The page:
Neuengamme Concentration Camp

Photos of Memorial Site by Bonnie M. Harris

Gravel beds show the outline of the former barracks buildings

Photo Credit: Bonnie M. Harris

Neuengamme remained a sub-camp of Sachsenhausen until June 1940, when it became an independent concentration camp of 18 barracks built in 9 rows. These rows of barracks are demarcated today by slightly raised gravel beds showing the place where the barracks once stood.

At first, prisoners slept on the floor but after 1941, they were provided with three-tier bunk beds. The Barracks, called "blocks," were designed to hold about 200 people, but according to the Memorial site, "the blocks were mercilessly overfilled, sometimes with 400 prisoners per block. The sanitary facilities were utterly inadequate and the level of hygiene below all human dignity."

These same barracks were used by the British to imprison suspected German war criminals from 1945 to 1948. The barracks were demolished in 1949 and replaced with a new tract of prison cells, after the camp was handed over by the British to Hamburg's justice department.

Neuengamme's prisoner population in 1940 was over 1,100. By July 1941, the number of prisoners increased to over 5,000. Due to chronic overcrowding and unsanitary conditions, typhus became an ongoing problem. Over 1,000 prisoners died during an outbreak of typhus that began in December 1941.

As the war progressed and the shortage of labor increased, the SS expanded the use of slave labor from concentration camps in the armament factories. By mid-January 1945, the Neuengamme Camp system consisted of about 60 satellite camps with an inmate population of approximately 50,000 prisoners.

From April 1942, when the SS completed construction of a crematorium at Neuengamme, the bodies of prisoners who died in the camp were cremated and the ashes spread in the camp gardens. The prisoner death rate continued to rise, and the SS later constructed a second crematorium.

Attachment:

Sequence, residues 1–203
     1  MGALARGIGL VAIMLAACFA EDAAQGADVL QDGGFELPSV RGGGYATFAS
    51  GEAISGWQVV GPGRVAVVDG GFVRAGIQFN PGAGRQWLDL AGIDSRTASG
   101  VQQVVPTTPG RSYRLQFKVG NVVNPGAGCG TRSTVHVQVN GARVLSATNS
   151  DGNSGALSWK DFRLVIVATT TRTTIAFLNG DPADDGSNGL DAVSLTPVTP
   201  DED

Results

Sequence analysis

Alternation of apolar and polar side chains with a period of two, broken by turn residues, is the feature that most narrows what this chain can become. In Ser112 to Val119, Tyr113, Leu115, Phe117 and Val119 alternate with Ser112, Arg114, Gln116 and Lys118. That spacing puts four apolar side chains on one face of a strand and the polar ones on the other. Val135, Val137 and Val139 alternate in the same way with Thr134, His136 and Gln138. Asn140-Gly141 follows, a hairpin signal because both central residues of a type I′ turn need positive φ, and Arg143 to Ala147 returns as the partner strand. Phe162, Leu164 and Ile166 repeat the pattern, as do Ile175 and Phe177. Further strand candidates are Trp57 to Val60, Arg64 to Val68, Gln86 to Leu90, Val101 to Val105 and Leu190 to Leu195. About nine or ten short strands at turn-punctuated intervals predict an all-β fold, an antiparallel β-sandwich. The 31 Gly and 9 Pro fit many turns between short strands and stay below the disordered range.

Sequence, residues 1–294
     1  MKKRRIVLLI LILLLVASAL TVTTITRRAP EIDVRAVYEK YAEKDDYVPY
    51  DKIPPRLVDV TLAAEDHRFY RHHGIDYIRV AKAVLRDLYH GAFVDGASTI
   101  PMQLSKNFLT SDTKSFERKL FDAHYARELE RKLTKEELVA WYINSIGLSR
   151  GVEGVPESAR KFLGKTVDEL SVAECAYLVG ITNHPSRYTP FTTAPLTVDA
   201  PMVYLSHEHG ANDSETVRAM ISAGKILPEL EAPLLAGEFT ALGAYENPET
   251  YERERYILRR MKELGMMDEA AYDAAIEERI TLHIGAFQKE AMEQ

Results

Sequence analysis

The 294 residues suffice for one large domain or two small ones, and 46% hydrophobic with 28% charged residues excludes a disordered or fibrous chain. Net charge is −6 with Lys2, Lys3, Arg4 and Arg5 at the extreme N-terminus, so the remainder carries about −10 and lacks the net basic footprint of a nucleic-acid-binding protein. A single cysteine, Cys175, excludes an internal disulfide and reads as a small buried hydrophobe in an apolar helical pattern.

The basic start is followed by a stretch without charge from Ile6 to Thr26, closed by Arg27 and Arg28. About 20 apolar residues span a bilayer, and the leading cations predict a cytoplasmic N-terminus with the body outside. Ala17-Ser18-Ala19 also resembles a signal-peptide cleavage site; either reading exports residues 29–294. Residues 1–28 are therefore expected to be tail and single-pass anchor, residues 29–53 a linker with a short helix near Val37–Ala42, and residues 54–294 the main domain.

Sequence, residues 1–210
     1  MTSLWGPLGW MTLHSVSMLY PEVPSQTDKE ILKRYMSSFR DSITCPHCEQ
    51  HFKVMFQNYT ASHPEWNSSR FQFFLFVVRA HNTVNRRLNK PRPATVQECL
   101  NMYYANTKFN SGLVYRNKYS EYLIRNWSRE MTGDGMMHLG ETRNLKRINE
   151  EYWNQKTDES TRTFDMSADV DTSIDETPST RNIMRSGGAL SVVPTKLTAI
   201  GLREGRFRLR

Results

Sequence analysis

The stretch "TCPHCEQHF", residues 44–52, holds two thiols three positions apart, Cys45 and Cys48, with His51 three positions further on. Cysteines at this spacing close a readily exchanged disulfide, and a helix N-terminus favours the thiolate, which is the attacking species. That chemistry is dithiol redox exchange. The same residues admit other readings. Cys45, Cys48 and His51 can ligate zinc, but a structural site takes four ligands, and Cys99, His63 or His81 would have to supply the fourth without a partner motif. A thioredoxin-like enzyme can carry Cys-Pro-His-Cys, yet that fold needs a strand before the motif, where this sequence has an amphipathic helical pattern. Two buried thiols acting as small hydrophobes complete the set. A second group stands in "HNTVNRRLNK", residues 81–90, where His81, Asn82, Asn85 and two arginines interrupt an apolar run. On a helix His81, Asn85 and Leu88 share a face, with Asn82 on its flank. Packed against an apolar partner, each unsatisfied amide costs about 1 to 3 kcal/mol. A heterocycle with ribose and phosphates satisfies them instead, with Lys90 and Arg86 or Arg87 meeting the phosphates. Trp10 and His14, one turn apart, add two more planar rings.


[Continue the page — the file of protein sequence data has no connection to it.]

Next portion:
Display shows photo of the crematorium building

Photo Credit: Bonnie M. Harris

This picture, which is displayed at Neuengamme today, shows how the crematorium once looked. The crematoria were demolished in late 1946 and early 1947. A memorial plaque was placed in the location of the first crematorium in 1970. It is shown in the photo below.

Memorial marks the spot where bodies were burned in the crematorium

Photo Credit: Bonnie M. Harris

The outline of the former crematorium building

Photo Credit: Bonnie Harris

Of the 106,000 inmates held at Neuengamme and its sub-camps, approximately 55,000 died from starvation, disease, abuse, experimentations, and executions, according to information given at the Memorial Site. According to the United States Holocaust Museum, precise numbers for Neuengamme are unknown because the camp records were burned by the SS before the British liberators arrived. Although Neuengamme was a labor camp, not a death camp, and did not have a gas chamber, the 52% death rate during its 8 years of existence was far higher than the 15% death rate at the Dachau main camp where 31,951 out of 206,206 prisoners died during a 12 year period and half of these deaths were in the last six months of the war when a typhus epidemic devastated the Dachau camp.

Barbed wire fence and guard tower at Neuengamme camp

Photo Credit: Bonnie M. Harris

Display shows photos of original fence

Photo Credit: Bonnie M. Harris

The camp's fence consisted of several parts. In addition to the electrically charged barbed wire that was held in place by the bent concrete pillars, there was also a diagonal wire fence which was constructed with the intention of preventing prisoners from committing suicide by throwing themselves onto the charged barbed wire.

There were paths on both sides of the fence, along which the SS guards patrolled. On the inside, the path was bordered by an area of raked sand in which footprints could be instantly seen.

The watchtowers were manned with sentries equipped with machine guns and searchlights, with which the fence could be additionally illuminated. This part of the fence was reconstructed to illustrate these security measures. The original sawed-off fastenings for the barbed wire and two porcelain rings that held the electric wires can still be seen in the wall of the watchtower.